“One of the biggest problems with barre workouts is knee pain. Not only does this over-hyped fitness fad often masquerade as a “ballerina” workout when it has nothing to do with real ballet technique, but many barre classes include movements that pay zero attention to form. Many women come to me for help after injuries from doing popular barre or “ballet-inspired” workouts. After taking a few barre classes to see what all the hype is about I can say firsthand, “Ain’t nothing like the real thing!”
While barre workouts promise a “dancer” or “ballerina” body, many of those sculpting micromovements rely on body positions that are extremely stressful on the knees. Few barre instructors are knowledgeable about the principles of alignment that maximize the effects of the exercises while also keeping your joints safe.
Ballet technique, on the other hand, teaches proper alignment and use of the knees. And if there is one joint you really want to protect and preserve, it’s your knees!
Here are balletic principles you can use to keep your knees safe during any workout:
- Use your core every time you bend the knees. Hugging in the abdominals as you bend and straighten the legs supports the weight of your torso and helps maintain good posture as you move, which is critical to taking stress off the knees.
- Always bend your knees over your toes. Aligning knees over toes keeps the hip and ankle joints functioning optimally, prevents pronation (where the knees and arches of the feet collapse inward), and greatly reduces the chance of strain on the joints.
- Avoid bending the knees on raised heels for long periods of time. This is my ballerina pet peeve–Barre workouts often have people bending the knees with raised heels and then holding or pulsing in this position. This is extremely detrimental when done excessively, especially when executed improperly! I’ve done these movements in barre classes, and even as a professional ballerina, it’s not something I can responsibly execute. While holding bent knees with raised heels will definitely engage the quads and make you “feel the burn”, it puts tremendous stress on the front of the knee. The consequence over time is often patellar tendonitis and chronic knee pain.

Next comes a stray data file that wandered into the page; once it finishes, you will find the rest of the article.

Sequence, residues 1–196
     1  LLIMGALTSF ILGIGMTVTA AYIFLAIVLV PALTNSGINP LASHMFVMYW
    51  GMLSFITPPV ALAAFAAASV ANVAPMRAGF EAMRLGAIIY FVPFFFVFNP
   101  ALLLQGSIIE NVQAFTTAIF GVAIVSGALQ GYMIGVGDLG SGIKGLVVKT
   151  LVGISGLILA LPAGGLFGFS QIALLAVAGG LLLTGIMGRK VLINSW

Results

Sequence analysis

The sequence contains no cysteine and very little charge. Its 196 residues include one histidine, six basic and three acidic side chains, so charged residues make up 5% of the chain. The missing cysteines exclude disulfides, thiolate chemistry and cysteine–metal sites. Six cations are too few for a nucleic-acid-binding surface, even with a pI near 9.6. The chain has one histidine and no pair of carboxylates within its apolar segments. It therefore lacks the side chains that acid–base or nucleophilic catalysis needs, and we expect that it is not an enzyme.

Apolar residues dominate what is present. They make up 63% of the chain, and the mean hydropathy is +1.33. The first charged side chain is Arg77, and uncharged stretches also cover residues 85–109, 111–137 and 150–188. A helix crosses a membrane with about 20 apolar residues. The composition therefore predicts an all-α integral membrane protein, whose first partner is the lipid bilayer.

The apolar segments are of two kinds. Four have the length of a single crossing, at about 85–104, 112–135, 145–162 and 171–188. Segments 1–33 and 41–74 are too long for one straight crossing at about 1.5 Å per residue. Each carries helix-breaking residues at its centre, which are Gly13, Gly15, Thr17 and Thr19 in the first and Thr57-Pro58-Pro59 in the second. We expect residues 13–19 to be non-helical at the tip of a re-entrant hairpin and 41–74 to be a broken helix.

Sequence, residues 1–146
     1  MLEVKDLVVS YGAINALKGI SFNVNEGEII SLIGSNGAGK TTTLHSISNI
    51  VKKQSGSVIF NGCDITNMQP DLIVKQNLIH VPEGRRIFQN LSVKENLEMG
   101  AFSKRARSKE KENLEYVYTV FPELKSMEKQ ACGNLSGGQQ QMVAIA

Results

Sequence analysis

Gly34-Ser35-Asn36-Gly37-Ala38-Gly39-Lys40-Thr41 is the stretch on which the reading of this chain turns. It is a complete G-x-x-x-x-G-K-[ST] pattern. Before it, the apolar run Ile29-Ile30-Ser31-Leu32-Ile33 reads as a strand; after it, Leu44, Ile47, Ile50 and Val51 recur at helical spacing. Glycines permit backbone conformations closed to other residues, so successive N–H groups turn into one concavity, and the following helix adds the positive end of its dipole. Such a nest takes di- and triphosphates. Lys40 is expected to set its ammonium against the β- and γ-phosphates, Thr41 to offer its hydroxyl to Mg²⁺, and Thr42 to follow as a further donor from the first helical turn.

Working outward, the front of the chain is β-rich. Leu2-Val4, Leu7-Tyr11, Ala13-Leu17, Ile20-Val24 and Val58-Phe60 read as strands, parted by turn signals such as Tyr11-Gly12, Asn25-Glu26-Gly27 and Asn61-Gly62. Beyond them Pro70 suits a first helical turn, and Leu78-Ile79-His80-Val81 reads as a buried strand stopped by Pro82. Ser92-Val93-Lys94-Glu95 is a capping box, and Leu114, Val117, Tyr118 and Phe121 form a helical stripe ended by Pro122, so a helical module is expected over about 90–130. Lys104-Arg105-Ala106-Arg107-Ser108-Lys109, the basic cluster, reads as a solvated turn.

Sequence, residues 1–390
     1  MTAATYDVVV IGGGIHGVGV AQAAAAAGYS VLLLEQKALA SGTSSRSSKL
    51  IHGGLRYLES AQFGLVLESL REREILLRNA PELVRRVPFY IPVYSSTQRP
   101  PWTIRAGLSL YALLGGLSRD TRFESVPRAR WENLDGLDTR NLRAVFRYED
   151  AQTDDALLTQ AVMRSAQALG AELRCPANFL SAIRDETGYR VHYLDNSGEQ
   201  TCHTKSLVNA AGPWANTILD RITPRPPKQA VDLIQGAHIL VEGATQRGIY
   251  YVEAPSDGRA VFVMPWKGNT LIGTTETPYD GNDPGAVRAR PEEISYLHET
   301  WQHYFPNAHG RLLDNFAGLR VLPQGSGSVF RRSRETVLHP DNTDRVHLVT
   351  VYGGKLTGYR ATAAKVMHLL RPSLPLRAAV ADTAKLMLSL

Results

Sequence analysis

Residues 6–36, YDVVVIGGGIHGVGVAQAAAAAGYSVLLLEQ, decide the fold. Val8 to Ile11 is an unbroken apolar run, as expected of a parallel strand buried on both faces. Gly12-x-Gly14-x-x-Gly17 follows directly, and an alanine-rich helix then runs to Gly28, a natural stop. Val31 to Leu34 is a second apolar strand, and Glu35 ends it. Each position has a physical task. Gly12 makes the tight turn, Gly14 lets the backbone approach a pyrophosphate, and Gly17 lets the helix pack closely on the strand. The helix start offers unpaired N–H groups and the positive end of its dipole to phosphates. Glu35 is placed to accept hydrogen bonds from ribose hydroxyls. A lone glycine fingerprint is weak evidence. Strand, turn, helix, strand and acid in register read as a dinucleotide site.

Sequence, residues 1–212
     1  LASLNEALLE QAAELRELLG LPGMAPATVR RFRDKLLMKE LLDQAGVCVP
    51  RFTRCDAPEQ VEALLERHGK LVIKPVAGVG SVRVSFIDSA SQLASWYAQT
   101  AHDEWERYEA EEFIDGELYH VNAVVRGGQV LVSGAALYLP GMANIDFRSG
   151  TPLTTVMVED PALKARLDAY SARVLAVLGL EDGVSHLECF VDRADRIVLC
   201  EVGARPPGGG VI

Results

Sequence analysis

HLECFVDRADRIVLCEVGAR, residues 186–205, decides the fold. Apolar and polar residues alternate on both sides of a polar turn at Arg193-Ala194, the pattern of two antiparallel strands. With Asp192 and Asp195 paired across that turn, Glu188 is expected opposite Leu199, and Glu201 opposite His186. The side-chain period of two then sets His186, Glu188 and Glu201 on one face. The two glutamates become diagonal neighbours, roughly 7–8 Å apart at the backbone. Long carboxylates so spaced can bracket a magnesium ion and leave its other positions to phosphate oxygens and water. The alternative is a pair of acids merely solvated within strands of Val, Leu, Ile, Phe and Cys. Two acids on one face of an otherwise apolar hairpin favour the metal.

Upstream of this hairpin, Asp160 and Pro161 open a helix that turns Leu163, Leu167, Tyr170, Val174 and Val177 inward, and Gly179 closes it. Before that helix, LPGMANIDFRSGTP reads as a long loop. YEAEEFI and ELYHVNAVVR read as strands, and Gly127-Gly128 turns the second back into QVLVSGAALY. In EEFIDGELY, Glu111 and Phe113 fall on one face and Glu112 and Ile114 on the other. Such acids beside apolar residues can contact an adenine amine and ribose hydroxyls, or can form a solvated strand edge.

In ballet, although we move through bending and straightening the knees on raised heels, we never hold this position (especially not on one leg) for more than a second or two. For anyone who does not have dance training or significant understanding of anatomy and kinesiology, it’s just downright dangerous! Without proper form and the strength to maintain it, many people compensate by grabbing up in other muscles, especially the back and hips. It’s far healthier for your knees and overall fitness to lower the heels and do these movements with the full foot on the floor.
- The most effective way to protect your knees in any circumstance:
- Drop your heels to the ground.
- Keep knees over toes.
- Hug in your core.
- Maintain a long, straight spine (even if the spine is tilted forward).
You may not feel the same amount of burn in your quads, but that’s okay! A true dancer’s body focuses much more on tone and strength at the backs of the legs to create that lengthened, streamlined look. The above principles engage core, hamstrings, and quads to create more balanced muscle development AND you won’t be putting your knees at risk!
Of course, the way to get that coveted “ballerina body” is to do the real deal–BALLET! Don’t settle for imitations, hacks, and wanna-be workouts! Ballet technique is the original, the authentic, and still the very best barre regime!”
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Sourced from Every Day Ballet.